Like all creativity, writing is a wandering and iterative process, where the creator doesn’t know where it’s going. A writer makes hundreds of creative decisions along the way–sometimes, a hundred in just one day. Which word to use; choosing a comma, period, or semicolon; moving a paragraph a few pages forward, or maybe up at the beginning. Then, the bigger changes. Realizing that your protagonist just isn’t carrying the story forward. Noticing that the words are telling you: Over here! Here’s where the story is. Here’s where you explore, where you need to go.
In the old days (before word processors) writers had to write by hand, edit by hand, type by hand, and then edit the typescript by hand and retype everything. Each full version of the manuscript was called a “draft.” Now that concept is obsolete, says writer Sarah Manguso.* When everything is on your computer as a file, you never have to print it out. You can edit a word here, a paragraph there. Delete an entire “page.” Rewrite the first two pages and leave everything else the same, to be explored a few days later. Here are some excerpts from her wonderful essay:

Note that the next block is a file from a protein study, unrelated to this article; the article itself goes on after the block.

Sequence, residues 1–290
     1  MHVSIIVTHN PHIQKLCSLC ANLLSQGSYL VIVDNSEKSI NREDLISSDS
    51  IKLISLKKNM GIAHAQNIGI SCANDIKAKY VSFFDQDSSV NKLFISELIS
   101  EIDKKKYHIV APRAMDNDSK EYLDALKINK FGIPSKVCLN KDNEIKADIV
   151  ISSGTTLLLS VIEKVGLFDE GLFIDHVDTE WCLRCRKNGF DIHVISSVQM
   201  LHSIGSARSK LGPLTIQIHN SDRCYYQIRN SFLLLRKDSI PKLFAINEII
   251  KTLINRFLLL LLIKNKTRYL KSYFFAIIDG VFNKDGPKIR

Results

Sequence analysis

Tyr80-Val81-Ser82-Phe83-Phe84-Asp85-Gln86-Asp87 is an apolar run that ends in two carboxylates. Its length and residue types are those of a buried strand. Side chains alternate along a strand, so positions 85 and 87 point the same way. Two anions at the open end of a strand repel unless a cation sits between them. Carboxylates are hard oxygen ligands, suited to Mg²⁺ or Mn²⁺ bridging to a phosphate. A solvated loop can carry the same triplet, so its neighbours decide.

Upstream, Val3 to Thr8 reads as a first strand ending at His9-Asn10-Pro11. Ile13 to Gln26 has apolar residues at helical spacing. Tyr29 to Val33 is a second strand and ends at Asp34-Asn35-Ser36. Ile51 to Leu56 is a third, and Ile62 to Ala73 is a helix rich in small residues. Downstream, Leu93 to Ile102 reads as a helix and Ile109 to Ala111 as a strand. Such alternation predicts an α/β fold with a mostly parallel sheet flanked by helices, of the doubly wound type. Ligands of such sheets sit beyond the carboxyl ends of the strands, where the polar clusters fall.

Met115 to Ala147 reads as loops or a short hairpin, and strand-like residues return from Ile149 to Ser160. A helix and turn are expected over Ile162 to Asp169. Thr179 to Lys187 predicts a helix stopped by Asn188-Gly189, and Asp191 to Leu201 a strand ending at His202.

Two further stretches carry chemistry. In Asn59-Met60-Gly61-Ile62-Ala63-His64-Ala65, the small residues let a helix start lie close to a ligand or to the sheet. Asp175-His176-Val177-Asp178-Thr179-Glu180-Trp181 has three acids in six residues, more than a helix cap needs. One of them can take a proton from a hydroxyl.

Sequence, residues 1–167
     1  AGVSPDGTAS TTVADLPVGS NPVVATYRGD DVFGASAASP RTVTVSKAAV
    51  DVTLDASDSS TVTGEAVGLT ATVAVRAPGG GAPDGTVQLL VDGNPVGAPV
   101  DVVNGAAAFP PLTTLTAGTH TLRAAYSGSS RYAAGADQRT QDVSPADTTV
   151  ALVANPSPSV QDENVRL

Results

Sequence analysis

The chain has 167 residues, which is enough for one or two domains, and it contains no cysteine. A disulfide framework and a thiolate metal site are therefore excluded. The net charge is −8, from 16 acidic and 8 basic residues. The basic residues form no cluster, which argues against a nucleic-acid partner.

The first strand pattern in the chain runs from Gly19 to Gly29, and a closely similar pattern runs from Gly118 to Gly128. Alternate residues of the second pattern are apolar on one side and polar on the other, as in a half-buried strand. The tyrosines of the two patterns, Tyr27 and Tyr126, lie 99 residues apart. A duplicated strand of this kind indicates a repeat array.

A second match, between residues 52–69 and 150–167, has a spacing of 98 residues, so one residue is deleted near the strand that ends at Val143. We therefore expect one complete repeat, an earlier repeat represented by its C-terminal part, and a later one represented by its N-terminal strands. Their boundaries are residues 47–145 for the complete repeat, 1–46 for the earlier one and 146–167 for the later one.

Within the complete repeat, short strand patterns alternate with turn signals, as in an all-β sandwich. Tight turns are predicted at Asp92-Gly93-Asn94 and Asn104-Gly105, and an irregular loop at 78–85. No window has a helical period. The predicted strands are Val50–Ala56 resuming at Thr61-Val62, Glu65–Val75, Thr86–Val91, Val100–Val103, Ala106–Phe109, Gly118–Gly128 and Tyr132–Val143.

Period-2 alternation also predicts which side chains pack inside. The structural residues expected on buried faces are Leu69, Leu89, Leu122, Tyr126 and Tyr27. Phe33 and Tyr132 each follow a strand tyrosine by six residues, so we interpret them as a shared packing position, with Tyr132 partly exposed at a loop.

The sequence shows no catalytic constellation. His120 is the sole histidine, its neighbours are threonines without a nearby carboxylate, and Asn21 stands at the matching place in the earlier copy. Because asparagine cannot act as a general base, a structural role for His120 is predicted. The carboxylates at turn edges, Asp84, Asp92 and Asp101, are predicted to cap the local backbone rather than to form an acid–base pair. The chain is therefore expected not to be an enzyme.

A novelist friend works on books one draft at a time, and she saves each draft. Another novelist friend works on the computer and keeps just one digital version. They are both successful and prolific.
I used to compose my work on paper, revise on the computer and save the initial drafts. Now that I compose on the computer, there’s only ever one extant version, and no drafts at all….Now that writing can take place digitally, [it] effectively removes the idea of the draft from the work process. There’s no need to finish a draft before you can go back to the first sentence and start revising it again. There are no drafts….After some duration of continuous work, the piece is done.
I think the concept of the draft is an anachronism from the time before laptops and word processing software.
What do you think? How do you write? If you generate drafts, what do they look like (printed? a computer file?) and how do you edit them toward the next draft?
*Sarah Manguso, August 6, “Paper Trail,” New York Times Sunday Book Review, p. 9.